Govt sets timeline for Agribank restructuring completion Dr Anxious Masuka

Patrick Chitumba, Midlands Bureau Chief
THE restructuring of Agribank Zimbabwe into a Land Bank, which will provide investment support for A1, A2 and small-scale commercial, is on course and is expected to be completed by end of next month, a Cabinet Minister has said.

The Government approved the proposal to reconfigure Agribank (Pvt) Limited (Agribank) into a Land Bank to take up the functions of its immediate predecessor, the Agriculture Finance Corporation (AFC).

These include advancing short-term, medium-term and long-term agricultural loans to farmers.

The transformed bank will be called the Land and Agricultural Development Bank of Zimbabwe and the restructuring is aimed at supporting the country’s Agriculture Recovery Plan, which is aimed at ensuring food self-sufficiency for the country.

This is in view of the fact that agriculture, among other productive sectors, is crucial in realising Vision 2030 owing to its contribution to the economy and to national security.

The establishment of vibrant and diversified rural financial services, which are underwritten by a Land Bank or its equivalent will be an important step, which the country should take in order to move towards upper middle-income status.

This is in view of the realisation that smallholder farmers comprising Communal, Old Resettlement, Small-Scale Commercial and A1 farmers constitute 99 percent of the farming population, holding up to 95 percent of the productive land and owning over 90 percent of the national livestock herd.

The Land Bank will strengthen and diversify existing agricultural and rural financial services for sustainable agrarian reform for accelerated development.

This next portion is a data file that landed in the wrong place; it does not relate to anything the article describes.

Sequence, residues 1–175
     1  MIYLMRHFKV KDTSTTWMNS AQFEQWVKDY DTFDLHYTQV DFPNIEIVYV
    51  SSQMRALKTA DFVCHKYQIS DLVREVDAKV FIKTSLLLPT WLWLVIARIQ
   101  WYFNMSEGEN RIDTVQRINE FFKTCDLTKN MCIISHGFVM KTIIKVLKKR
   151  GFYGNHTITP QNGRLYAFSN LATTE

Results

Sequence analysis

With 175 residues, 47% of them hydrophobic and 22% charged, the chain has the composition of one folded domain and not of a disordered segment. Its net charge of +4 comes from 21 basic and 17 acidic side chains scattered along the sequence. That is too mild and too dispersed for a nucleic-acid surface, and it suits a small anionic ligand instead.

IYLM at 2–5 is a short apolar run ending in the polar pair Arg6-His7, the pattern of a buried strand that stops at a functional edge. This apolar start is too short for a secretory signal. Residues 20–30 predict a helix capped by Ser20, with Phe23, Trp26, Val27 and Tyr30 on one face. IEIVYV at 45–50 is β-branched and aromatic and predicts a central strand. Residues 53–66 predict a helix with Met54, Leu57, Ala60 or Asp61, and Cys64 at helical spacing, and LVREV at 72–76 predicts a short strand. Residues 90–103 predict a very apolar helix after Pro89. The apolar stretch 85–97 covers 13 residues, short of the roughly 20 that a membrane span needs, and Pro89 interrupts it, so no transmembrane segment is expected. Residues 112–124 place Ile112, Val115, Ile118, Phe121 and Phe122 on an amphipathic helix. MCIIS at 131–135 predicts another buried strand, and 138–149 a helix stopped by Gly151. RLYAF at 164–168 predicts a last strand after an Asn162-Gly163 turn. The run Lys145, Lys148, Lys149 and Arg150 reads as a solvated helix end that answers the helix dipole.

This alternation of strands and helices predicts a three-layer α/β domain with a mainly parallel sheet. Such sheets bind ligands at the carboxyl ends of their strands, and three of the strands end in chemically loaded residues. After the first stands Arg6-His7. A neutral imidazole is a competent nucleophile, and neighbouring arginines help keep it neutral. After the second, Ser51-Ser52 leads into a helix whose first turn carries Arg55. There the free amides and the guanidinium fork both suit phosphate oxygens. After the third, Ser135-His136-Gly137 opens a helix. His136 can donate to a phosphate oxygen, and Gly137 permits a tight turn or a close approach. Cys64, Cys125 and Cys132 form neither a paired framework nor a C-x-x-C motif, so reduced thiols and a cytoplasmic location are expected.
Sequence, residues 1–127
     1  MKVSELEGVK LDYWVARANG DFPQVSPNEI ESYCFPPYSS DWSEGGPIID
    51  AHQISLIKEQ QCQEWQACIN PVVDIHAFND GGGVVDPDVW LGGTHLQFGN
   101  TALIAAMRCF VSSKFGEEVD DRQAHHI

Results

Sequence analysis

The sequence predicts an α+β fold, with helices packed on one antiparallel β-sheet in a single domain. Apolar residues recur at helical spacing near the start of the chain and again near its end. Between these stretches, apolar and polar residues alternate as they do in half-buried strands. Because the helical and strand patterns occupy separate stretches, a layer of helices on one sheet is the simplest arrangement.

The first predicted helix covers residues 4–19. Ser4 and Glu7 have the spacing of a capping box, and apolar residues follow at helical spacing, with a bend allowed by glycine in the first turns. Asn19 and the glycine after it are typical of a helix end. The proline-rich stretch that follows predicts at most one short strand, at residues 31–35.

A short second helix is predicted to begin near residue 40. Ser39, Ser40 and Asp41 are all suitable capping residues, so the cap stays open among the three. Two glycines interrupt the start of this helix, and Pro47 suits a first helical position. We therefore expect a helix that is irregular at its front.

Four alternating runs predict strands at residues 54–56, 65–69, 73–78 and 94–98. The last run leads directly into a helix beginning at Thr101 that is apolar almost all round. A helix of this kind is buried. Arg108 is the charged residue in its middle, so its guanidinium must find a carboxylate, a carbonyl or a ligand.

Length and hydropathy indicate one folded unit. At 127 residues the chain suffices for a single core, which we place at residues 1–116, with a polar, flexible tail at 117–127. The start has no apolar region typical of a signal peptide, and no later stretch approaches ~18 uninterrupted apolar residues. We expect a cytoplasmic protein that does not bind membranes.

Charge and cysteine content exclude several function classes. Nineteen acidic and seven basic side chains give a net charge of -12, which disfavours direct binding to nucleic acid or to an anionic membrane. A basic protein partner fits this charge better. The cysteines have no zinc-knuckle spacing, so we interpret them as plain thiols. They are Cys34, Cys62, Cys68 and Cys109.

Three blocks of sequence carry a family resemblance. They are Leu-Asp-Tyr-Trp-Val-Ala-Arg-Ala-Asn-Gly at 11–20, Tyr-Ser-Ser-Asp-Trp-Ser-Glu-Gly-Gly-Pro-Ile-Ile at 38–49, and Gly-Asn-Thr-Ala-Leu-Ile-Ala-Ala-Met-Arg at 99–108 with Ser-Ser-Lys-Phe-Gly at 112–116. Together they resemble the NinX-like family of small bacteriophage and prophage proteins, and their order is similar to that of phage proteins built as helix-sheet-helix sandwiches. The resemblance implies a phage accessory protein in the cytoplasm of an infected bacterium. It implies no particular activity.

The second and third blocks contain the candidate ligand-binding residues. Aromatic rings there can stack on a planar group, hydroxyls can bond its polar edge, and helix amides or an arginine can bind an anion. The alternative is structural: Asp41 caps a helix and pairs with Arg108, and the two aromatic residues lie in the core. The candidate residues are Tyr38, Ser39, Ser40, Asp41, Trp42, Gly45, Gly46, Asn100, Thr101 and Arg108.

In an interview Lands, Agriculture, Water, and Rural Resettlement Minister Dr Anxious Masuka said the restructured bank is expected to offer more comprehensive services.

The bank is expected to mobilise private sector finance in order to contribute to job creation, food security and social protection in rural communities.

“That’s why we have reconfigured the ministry to say it is not the responsibility of the ministry to ensure that farmers are taken from one point to the other towards this journey of achieving an upper middle-income economy by 2030.

But the whole Government approach requires that Agribank as a financier be there to offer comprehensive services to the farmers,” he said.

“And very soon by 31 March they will now be called the Land and Agricultural Development Bank of Zimbabwe and their model fits the financing of such schemes like the irrigation schemes in the country.”

Dr Masuka said the bank will also provide investment support for A1, A2 and small-scale commercial farmers who have not been supported by commercial banks.

“For example, there are 450 irrigation schemes in the country and they occupy 26 000ha, so it’s an incredible area that we must see to it that it is financed to achieve optimum production.

“The Land Bank will link currently under-utilised land to structured markets and established value chains supplying factories, supermarkets and export markets and also provide working capital for the construction of agricultural infrastructure as well as for value addition and beneficiation enterprises,” he said.

Agribank executive director, retail banking and agricultural development, Mr Francis Macheka, said the bank will cater for farmers including those who are currently deprived of commercial financial services.

He said the new land bank will be considered as a development finance institution that will cater for small farmers.

“Why the Land Bank? The Land Bank is considered to be a development finance institution. You see what we have now is we have small holder farmers who under normal circumstances when we consider a commercial bank, they might not be considered very efficiently.

“So, we therefore want an institution, which is tolerant to the development needs of the small holder farmers and this land bank is expected to do that,” said Mr Macheka.

He said there are a lot of things that commercial banks ask for from farmers before they approve their loans, which ordinary farmers don’t meet.

“There are a lot of things that banks ask for when they want to finance people and some of them for small farmers, they might not meet them so we have a bank that is a development one and is able to structure needs for a smallholder farmer. We want an institution that is tolerant to such farmers,” said Mr Macheka.

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